WRF-Hydro Modeling System

Overview

Overview

Welcome

Conceptual diagram of WRF-Hydro components
Conceptual diagram of WRF-Hydro components

The Weather Research and Forecasting Model Hydrological modeling system (WRF-Hydro) is a community-based model coupling framework designed to link multi-scale process models of the atmosphere and terrestrial hydrology. 

The underlying goal of WRF-Hydro development is to improve prediction skill of hydrometeorological forecasts using science-based numerical prediction tools. 

The WRF-Hydro modeling system was originally designed as a model coupling framework designed to facilitate easier coupling between the Weather Research and Forecasting model and components of terrestrial hydrological models.  WRF-Hydro is both a stand-alone hydrological modeling architecture as well as a coupling architecture for coupling of hydrological models with atmospheric models.  WRF-Hydro is fully-parallelized to enable its usage on clusters and high performance computing systems alike.

Like the WRF model it does not attempt to prescribe a particular or singular suite of physics but, instead, is designed to be extensible to new hydrological parameterizations.  Although it was originally designed to be used within the WRF model, it has evolved over time to possess many additional attributes as follows:

Schematic of the modularized multiscale, multi-physics WRF-Hydro modeling framework.
Schematic of the modularized multiscale, multi-physics WRF-Hydro modeling framework.
  • Multi-scale functionality to permit modeling of atmospheric, land surface and hydrological processes on different spatial grids
  • Modularized component model coupling interfaces for many typical terrestrial hydrological processes such as surface runoff, channel flow, lake/reservoir flow, sub-surface flow, land-atmosphere exchanges
  • Parallel code development for application on commodity cluster and higher performance computing systems
  • Stand-alone capabilities for hydrological prediction and research uncoupled to atmospheric models
  • Efficient coupling architecture so that it can be embedded within (or coupled to) other types of Earth system models such as the NCAR Community Earth System Model (CESM) or the NASA Land Information System (LIS)
  • Utilization of many standard data formats for efficient job construction and evaluation
  • Pre-/post-processing workflows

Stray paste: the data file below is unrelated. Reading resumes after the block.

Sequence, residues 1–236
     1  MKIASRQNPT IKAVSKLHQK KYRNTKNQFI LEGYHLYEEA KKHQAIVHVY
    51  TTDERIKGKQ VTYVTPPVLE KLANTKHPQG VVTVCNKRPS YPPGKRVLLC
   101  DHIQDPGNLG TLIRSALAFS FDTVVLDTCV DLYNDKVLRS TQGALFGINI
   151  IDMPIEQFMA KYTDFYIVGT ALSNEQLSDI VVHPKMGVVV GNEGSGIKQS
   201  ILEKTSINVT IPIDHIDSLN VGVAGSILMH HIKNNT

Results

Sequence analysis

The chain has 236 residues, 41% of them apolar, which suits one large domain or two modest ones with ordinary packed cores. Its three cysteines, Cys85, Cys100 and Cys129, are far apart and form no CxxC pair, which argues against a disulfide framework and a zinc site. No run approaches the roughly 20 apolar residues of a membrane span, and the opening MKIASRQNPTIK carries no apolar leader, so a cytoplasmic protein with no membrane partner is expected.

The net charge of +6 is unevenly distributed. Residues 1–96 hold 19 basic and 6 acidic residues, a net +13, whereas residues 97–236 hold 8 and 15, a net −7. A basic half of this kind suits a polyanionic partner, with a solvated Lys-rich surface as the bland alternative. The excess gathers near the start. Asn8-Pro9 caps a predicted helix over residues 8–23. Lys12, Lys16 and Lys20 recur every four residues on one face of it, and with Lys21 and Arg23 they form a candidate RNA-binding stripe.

The architecture is intended to significantly simplify the often laborious task of integrating, or coupling, existing and emerging hydrological models into the WRF modeling framework.  In doing so, an extensible, portable and scalable environment for hypothesis testing, sensitivity analysis, data assimilation and environmental prediction has emerged. 

The WRF-Hydro system has adopted a ‘community-based’ development processes with an open and participatory working group environment.  NCAR in collaboration with other NSF and university entities are developing a support structure for WRF-Hydro in the way of model documentation, public, online code repositories, test cases and many pre- and post-processing utilities.

The WRF-Hydro system has been applied for a wide range of research and operational prediction problems both in the U.S. and abroad.  Specific past projects include flash flood prediction, regional hydroclimate impacts assessment, seasonal forecasting of water resources and land-atmosphere coupling studies. An important aspect of WRF-Hydro system has been serving as the core model for the new National Water Model.

Simulated streamflow for a flash flood event in Denver, Colorado during the summer of 2008. Red colored numbers indicate high streamflow values, blue indicates low flow values.
Simulated streamflow for a flash flood event in Denver, Colorado during the summer of 2008. Red colored numbers indicate high streamflow values, blue indicates low flow value.

The WRF-Hydro modeling system has been developed by the National Center for Atmospheric Research and its research partners through the generous support of the U.S. National Science Foundation and through research projects supported by the U.S. National Aeronautics and Space Administration (NASA) and the U.S. National Oceanic and Atmospheric Administration (NOAA).